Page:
Each team was asked to present their design
and to answer a handful of questions about
the design experience.
Although we were interested in how a generalized workflow system might be build,
we chose to limit our efforts to exactly the system described in the problem
statement. We defined that system in terms of the actors (people and computers)
it would serve ...
Vaughn had sketched out a fairly complete object model after picking up the detailed
problem statement earlier in the day. We pulled from it the easily understood and
generally static domain objects
which became the core of our design ...
Although Vaughn had addressed some of the processing elements of the system, we found
that they were not as easy to lift out of her pages. Visitors from the other workflow
team (in the role of consultants) advised us to look at the life history of a call ...
We distributed responsibility for these actions across our domain objects,
device drivers, and the rather confusing objects: Scheduler and Dispatcher.
The distinction between the two remained hard to grasp until we drew the flows
into and out of the pool of active calls ...
- Get Delinquent Loan
- Prioritize Loan
- Make Call
- Call Answered
- Assign Call to Collector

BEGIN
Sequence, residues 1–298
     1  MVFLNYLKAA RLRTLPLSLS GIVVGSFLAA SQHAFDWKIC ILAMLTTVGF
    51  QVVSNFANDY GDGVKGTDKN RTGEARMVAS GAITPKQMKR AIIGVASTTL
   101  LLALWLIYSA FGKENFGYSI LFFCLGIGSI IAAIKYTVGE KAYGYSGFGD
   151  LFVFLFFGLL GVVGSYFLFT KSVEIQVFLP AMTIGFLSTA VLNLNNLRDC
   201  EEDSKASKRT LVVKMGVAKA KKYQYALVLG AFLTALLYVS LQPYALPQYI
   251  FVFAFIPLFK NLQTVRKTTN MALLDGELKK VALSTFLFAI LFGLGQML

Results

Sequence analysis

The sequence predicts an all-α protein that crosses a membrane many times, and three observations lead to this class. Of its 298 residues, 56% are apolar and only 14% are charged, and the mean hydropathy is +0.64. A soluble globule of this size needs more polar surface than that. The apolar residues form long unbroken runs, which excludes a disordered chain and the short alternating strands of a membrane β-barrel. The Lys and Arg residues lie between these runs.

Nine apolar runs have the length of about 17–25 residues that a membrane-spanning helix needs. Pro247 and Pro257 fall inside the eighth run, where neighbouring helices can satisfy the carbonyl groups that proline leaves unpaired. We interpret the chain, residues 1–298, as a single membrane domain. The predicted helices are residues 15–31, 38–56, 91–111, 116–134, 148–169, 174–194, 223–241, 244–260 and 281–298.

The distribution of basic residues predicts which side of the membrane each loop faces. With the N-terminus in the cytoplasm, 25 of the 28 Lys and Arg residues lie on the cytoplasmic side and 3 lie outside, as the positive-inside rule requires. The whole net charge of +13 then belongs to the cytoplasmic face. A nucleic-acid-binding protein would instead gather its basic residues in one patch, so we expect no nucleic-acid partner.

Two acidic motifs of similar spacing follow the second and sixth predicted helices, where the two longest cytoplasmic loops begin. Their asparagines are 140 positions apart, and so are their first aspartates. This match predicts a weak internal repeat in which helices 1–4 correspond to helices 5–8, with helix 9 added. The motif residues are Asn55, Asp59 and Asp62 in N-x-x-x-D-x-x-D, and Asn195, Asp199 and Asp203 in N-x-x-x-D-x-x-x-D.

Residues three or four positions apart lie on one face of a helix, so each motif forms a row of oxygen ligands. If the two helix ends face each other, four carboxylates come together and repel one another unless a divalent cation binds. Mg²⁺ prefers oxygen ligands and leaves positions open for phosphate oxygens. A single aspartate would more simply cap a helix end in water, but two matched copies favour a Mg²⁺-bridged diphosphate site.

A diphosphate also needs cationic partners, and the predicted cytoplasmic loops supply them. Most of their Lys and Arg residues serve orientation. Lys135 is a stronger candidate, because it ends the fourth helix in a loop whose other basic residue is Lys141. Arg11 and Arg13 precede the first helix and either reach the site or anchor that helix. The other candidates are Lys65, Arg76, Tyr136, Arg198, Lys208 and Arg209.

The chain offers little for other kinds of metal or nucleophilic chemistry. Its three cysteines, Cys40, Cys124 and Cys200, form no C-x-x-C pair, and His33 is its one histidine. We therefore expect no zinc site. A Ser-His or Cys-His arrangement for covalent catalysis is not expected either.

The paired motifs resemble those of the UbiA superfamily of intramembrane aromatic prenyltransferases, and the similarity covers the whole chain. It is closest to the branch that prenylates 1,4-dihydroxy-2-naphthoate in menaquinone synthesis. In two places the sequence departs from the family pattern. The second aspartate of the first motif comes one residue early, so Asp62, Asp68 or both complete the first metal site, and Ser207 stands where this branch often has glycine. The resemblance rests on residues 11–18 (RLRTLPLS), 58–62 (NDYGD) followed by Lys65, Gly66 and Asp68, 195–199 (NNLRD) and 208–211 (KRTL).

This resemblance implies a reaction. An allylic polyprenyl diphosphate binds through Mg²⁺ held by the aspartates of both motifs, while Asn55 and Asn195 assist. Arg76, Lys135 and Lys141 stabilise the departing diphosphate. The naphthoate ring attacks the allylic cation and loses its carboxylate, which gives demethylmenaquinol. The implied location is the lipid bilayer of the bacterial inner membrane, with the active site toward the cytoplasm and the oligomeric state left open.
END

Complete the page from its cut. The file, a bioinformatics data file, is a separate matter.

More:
- Give Collector Window
- Capture Call Result
- Determine Follow-Up
- Follow-Up with Call or Letter
The phrase "user-definable algorithm" occurred frequently in the problem statement.
We introduced the notion of a Policy object as a home for those algorithms, once
defined. Seven kinds of Policies were called for, each connected to different
information sources in our static and dynamic models. Rather than annotate our
drawings with these objects, we chose to simply list the abstract classes ...
Abstract Policy Classes
This represents the amount of material that a small team could understand and agree
upon in a couple hours. The feeling wasn't so much that of designing, but rather one
of throwing design fragments on the table and linking them together. In a way this
represents the intersection of our abilities, not the union which we all would have
Q: What was the key step in the design process?
A: Our exchange with a similarly-experienced group
gave us fresh ideas and reinforcement.
Q: What was the best thing in the resulting design?
A: The distinction between what (Call, Loan),
who (Dispatcher, Scheduler), and how (Policy).
Q: What was the hardest question encountered that wasn't answered?
A: How can we develop a generalized solution to workflow problems?
Q: What did you learn that you can use?
A: Pick and choose from methods and notations (use what works).
As we prepared our poster from our scattered thoughts and notes
we chose to dub ourselves The Hill Country Dysfunctionals.
Benjamin Gan (Recorder)
Helen Klein (Moderator)